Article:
Lymphedema is a chronic condition. There is no permanent cure, but it can be treated or controlled. Treatment for lymphedema is achieved by the skillful application of a process called Complete Decongestive Therapy (CDT) and is in four stages:
Manual Lymphatic Drainage (MLD):
This is a hands on technique by a qualified therapist to manipulate the affected tissue, thereby stimulating the activity of the lymph vessels and moving the static lymph fluid. A series of MLD treatments will usually decrease the swelling of the affected part to normal, or near normal size. During the period of MLD treatment, compression bandages are applied to further mobilize the lymphfluid from the affected area.
Graduated Compression Garments:
On completion of the course of MLD treatment, the therapist will supply a "Graduated Compression Garment." These replace the bandages that were used during the MLD treatment, and should be worn during the day when you are active. During sleep use either bandages or night garments. The compression garments work to keep the swelling down, improve circulation and prevent the re-accumulation of lymph fluid in the affected area.
Your therapist may recommend an exercise program developed for your particular needs and ability. These exercises are designed to moved lymph fluid out of the affected area. If any of the prescribed exercises cause pain or soreness, please consult your therapist before continuing.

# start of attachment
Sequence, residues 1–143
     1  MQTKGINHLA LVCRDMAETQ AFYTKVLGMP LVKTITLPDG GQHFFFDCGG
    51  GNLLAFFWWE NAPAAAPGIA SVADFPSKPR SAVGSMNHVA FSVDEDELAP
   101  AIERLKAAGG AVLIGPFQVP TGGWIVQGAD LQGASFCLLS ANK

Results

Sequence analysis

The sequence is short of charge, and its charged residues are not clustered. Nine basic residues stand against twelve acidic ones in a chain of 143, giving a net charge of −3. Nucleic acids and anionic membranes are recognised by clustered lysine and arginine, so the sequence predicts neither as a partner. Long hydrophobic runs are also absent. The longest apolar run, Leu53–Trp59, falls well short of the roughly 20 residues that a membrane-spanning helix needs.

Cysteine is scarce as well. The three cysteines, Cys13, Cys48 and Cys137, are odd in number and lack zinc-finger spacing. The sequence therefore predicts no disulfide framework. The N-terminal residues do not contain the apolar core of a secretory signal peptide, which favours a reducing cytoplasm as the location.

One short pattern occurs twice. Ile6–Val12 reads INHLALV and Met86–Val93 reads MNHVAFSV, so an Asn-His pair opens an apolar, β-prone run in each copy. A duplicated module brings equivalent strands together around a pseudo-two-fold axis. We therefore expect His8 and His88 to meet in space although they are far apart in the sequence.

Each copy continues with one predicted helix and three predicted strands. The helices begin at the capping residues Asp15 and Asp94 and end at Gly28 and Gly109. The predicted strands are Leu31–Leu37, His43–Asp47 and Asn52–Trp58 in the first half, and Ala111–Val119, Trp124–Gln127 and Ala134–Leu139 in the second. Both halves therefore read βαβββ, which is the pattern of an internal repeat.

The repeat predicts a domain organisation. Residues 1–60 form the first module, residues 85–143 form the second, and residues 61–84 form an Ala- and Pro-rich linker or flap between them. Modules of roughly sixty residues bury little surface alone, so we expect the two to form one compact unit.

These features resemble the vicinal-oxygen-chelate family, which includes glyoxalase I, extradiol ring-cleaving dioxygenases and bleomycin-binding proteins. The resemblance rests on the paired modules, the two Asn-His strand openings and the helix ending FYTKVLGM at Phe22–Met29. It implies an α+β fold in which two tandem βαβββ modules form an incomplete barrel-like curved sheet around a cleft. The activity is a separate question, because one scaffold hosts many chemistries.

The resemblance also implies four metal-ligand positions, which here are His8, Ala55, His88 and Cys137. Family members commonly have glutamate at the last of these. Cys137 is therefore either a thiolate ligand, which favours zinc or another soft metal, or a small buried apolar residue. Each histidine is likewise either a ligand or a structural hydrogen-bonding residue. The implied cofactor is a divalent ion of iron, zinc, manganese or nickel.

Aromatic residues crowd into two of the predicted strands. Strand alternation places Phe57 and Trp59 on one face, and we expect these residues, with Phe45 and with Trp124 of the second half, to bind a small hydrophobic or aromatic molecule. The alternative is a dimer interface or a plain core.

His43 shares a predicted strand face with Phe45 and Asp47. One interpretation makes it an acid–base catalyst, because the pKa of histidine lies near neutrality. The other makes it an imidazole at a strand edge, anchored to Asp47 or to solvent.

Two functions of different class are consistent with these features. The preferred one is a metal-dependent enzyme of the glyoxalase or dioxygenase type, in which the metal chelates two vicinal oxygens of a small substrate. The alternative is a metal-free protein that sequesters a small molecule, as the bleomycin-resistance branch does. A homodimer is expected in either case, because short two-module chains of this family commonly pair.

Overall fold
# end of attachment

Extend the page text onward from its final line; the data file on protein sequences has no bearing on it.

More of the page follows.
The skin of the affected area is often dry, and cracks in the skin may occur easily, making the area susceptible to infections. Use a low-pH lotion, without any alcohol of perfume content, to maintain the moisture of the skin and protect it. If you develop an infection, please consult your physician immediately.
For the patient, Complete Decongestive Therapy (CDT) really has two distinct phases:
Firstly, it is necessary for the therapist to remove the lymph fluid from the affected area using the manual lymph drainage (MLD) process and bandaging. Typically, these treatments are performed daily, five days a week for a period of between two to four weeks, depending upon severity. (That's why, upon diagnosis, it's very important to get immediate therapy.)
Secondly, the patient is fitted with a graduated compression garment, and the patient becomes responsible for self-care. Self-care involves ensuring correct use of the graduated compression garment, meticulous skin care, and performing self manual lymph drainage and therapeutic exercises which the therapist will detail for the patient. This regimen MUST be adhered to decrease the potential of recurrence.